A federal judge late Tuesday blocked Arizona from making criminals out of doctors who perform abortions knowing the woman’s reason is a genetic fetal defect.

In a 30-page ruling, Judge Douglas Rayes said the law imposes a undue burden on women. And he said that outweighs any interest the state claims in promoting life.

In fact, Rayes slapped the state for making such a claim in this case.

“The mechanism Arizona has chosen is not designed to encourage women to choose childbirth,” the judge wrote. “It is designed to thwart them from making any other choice.”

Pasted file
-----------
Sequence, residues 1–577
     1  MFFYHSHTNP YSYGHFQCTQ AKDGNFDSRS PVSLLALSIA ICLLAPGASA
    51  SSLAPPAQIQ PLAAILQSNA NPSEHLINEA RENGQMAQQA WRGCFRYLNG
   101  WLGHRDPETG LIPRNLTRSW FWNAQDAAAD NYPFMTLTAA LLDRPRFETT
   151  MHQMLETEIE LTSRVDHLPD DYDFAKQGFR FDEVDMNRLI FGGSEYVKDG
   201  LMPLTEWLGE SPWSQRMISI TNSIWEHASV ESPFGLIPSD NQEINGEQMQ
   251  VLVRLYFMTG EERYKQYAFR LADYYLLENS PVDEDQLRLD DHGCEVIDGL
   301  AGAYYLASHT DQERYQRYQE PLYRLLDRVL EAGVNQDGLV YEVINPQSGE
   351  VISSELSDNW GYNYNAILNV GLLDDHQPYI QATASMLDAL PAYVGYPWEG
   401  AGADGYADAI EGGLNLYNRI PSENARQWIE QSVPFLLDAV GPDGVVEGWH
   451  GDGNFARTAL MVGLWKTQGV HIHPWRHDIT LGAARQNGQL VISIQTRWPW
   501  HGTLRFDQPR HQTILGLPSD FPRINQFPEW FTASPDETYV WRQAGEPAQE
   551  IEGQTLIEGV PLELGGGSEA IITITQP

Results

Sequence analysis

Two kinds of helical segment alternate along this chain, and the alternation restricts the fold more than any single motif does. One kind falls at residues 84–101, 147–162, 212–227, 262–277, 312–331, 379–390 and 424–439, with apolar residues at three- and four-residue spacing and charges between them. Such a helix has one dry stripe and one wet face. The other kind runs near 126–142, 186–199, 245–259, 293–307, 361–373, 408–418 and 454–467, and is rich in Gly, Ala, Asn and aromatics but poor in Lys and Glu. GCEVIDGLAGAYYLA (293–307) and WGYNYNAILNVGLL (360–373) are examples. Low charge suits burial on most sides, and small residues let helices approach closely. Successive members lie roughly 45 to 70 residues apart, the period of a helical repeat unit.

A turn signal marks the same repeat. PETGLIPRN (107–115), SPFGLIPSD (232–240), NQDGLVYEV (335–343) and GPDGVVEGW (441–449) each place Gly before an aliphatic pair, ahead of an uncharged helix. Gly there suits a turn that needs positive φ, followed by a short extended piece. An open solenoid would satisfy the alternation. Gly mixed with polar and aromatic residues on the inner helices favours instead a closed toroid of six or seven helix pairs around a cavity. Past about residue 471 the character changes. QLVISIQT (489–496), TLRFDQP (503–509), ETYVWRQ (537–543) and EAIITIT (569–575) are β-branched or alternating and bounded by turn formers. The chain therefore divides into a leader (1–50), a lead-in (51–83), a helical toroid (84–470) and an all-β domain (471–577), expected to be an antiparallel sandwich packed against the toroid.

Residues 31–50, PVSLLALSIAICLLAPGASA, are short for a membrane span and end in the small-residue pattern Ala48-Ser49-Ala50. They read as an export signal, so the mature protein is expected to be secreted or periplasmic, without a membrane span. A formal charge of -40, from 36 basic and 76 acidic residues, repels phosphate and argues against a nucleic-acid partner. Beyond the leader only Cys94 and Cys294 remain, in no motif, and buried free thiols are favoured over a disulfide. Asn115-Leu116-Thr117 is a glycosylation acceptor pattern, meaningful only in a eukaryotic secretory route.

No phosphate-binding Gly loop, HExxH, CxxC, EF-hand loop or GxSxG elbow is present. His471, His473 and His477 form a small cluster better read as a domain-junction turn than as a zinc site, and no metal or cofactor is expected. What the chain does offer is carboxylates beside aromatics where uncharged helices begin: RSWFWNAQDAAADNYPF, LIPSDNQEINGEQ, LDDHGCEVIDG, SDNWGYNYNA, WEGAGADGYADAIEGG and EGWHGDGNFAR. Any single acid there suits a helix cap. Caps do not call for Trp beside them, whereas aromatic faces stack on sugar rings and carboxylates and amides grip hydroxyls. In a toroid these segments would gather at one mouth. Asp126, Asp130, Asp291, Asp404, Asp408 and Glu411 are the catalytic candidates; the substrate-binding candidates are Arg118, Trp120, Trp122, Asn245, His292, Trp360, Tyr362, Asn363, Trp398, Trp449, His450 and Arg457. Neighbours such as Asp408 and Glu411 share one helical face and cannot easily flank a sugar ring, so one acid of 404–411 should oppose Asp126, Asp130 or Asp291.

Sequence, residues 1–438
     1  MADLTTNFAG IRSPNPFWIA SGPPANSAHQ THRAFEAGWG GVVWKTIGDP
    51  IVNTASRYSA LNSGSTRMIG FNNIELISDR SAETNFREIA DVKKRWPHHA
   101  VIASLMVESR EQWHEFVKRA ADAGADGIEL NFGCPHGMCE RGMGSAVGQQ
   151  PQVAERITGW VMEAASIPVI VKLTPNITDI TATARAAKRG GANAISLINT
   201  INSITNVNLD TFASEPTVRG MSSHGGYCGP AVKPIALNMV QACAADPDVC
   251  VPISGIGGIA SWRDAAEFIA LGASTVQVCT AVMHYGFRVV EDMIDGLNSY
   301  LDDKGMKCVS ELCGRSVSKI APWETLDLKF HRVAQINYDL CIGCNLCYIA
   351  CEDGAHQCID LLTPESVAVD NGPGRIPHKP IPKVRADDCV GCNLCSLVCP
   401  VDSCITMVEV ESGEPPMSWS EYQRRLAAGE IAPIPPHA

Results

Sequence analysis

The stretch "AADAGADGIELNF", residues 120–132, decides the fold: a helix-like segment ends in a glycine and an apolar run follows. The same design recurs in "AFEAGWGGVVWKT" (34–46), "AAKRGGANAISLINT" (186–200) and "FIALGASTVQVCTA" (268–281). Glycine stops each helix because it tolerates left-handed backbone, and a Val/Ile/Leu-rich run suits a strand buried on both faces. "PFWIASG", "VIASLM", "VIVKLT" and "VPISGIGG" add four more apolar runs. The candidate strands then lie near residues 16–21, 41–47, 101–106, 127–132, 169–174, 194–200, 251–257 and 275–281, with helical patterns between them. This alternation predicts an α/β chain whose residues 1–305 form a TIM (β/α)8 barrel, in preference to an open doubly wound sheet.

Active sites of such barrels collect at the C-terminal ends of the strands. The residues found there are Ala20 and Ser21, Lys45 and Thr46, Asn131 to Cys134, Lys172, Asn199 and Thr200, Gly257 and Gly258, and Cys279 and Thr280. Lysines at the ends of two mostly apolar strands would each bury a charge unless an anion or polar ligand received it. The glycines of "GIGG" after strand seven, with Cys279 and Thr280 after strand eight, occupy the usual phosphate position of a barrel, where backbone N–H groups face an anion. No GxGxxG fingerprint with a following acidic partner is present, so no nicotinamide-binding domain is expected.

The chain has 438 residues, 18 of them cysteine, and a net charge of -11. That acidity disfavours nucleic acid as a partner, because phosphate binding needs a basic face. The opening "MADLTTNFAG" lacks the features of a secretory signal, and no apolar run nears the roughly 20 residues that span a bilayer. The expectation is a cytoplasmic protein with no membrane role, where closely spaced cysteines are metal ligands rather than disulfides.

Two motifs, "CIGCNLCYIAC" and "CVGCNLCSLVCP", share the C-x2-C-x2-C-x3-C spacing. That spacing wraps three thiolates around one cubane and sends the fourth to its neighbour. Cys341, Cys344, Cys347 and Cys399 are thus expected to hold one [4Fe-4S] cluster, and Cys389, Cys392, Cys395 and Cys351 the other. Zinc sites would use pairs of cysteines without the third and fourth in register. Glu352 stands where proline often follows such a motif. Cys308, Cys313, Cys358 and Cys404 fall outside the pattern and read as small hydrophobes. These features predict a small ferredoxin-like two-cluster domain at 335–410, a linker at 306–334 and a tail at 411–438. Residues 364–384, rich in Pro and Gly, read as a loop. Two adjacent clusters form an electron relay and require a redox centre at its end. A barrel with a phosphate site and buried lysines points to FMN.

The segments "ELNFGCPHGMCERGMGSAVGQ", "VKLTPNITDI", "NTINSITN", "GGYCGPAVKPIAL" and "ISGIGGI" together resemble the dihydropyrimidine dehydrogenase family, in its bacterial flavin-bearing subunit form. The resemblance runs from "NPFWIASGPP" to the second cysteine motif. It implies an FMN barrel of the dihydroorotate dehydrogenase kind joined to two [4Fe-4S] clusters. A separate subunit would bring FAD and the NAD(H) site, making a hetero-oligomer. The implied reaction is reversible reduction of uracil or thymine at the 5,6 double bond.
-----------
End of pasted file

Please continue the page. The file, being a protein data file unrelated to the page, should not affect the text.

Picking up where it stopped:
Tuesday’s order is not the last word. It still gives attorneys for the state a chance to argue, after a full-blown trial, that the measure is constitutional.

But in issuing the injunction, Rayes said he already has concluded that the challengers are likely to succeed in convincing him that the law cannot stand.

The measure, approved earlier this year by the Republican-controlled legislature, makes it a crime for medical providers to terminate a fetus if they know that the reason the woman is seeking the procedure solely is a genetic abnormality. The law carries a penalty of up to a year in prison for doctors and others; there is no penalty on the woman.

Rayes said there are several flaws with the statute.


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